I'm hoping to break through that kind of appeal and get people to focus on the real issues. After all, Greta, this is going to be a 10-year term. So even if the case comes before the court and is decided in the next few months, we're going to live with the next justice for the next 10 years.

VAN SUSTEREN: I take it that neither you nor your opponent has said publicly how you would rule on the case that's not even before you, but the collective bargaining case, so that -- I mean, is that fair? I mean, neither one of you has given an opinion.

PROSSER: Well, neither of us has given a formal opinion. And in fact, I have tried to stay away and create an independence between myself and the executive branch and the legislature. But my opponent's FaceBook page has listed so many comments saying that her candidacy is linked to stopping the bill and opposing Governor Walker that I think it gives all the signals that she's prepared to vote probably to kill the bill.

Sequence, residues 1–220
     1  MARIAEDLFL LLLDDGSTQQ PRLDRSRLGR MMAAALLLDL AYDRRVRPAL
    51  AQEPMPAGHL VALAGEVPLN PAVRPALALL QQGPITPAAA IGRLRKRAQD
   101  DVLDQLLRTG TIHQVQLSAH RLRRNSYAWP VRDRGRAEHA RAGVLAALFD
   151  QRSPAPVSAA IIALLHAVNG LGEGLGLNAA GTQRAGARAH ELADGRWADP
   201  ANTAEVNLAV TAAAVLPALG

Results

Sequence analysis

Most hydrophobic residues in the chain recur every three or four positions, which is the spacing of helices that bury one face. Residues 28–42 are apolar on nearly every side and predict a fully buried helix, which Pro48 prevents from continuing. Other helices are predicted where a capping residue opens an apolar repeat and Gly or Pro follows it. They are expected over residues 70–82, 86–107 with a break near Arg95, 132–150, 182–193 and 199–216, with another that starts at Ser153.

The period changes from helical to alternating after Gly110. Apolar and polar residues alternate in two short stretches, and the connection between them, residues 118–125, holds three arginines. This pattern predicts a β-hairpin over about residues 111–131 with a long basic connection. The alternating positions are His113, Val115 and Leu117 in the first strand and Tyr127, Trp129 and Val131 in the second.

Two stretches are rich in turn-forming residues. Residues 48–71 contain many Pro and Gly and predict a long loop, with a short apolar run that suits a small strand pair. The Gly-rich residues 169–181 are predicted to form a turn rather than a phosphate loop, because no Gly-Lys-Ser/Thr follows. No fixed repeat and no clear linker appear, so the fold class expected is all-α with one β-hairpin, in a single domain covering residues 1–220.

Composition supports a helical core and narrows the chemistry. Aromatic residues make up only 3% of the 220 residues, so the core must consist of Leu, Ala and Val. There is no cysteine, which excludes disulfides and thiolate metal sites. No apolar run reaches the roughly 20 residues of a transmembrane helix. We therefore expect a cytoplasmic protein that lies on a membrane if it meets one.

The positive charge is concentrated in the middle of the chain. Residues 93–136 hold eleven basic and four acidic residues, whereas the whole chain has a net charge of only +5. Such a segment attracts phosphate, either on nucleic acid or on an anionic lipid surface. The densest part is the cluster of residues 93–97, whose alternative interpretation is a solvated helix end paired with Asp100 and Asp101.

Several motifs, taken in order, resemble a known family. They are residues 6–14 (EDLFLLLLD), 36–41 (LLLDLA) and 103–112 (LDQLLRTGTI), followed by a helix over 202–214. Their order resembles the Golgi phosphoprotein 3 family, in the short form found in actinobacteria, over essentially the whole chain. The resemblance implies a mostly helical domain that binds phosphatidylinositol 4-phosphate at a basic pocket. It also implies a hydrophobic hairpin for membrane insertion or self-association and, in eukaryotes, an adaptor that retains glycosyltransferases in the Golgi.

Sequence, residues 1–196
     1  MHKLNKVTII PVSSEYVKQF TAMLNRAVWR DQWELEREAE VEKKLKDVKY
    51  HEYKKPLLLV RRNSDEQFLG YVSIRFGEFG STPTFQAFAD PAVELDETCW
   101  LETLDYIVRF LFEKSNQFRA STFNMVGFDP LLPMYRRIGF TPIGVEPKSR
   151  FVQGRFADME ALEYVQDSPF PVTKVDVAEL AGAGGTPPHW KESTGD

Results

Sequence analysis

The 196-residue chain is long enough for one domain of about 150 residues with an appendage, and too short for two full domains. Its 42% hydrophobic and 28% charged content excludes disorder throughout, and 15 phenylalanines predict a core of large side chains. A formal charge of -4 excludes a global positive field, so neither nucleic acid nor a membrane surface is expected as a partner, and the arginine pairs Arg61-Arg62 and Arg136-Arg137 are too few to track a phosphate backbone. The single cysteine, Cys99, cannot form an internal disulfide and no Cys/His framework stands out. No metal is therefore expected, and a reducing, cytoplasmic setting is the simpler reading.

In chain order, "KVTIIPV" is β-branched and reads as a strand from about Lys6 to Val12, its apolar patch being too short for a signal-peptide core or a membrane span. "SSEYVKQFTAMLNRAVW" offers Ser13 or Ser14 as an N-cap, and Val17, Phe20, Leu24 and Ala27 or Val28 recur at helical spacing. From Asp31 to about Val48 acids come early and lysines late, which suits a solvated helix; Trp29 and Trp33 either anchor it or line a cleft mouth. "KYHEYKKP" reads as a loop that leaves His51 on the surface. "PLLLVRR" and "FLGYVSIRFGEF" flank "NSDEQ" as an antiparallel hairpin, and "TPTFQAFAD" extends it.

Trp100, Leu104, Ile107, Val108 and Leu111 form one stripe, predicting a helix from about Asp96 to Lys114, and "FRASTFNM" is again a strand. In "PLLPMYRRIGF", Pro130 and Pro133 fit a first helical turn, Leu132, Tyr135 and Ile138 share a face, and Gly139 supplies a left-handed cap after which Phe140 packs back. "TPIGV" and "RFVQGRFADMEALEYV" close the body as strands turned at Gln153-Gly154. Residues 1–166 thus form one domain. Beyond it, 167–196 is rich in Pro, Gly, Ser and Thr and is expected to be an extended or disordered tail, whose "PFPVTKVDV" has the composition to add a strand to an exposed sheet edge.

VAN SUSTEREN: In looking at judges' races -- and I've followed judges' races in Wisconsin for a number of years -- it's sort of -- this one seems to be unbelievably hostile. And a good example, I guess, is the ad in which -- it was a third-party ad, it wasn't your opponent -- but going after you for a decision in the late 1970s not to prosecute a priest in Appleton who was later prosecuted. And then the victim of the child abuse by the priest came on and said it was unfair to you. And then your opponent wouldn't condemn the ad.

PROSSER: That sums it up very well. I knew this family, and when they came to me and told me about the abuse, I was very sensitive and I did not want to betray the mother, who was a classmate of mine. And I wanted to take all conscientious care of the two kids involved.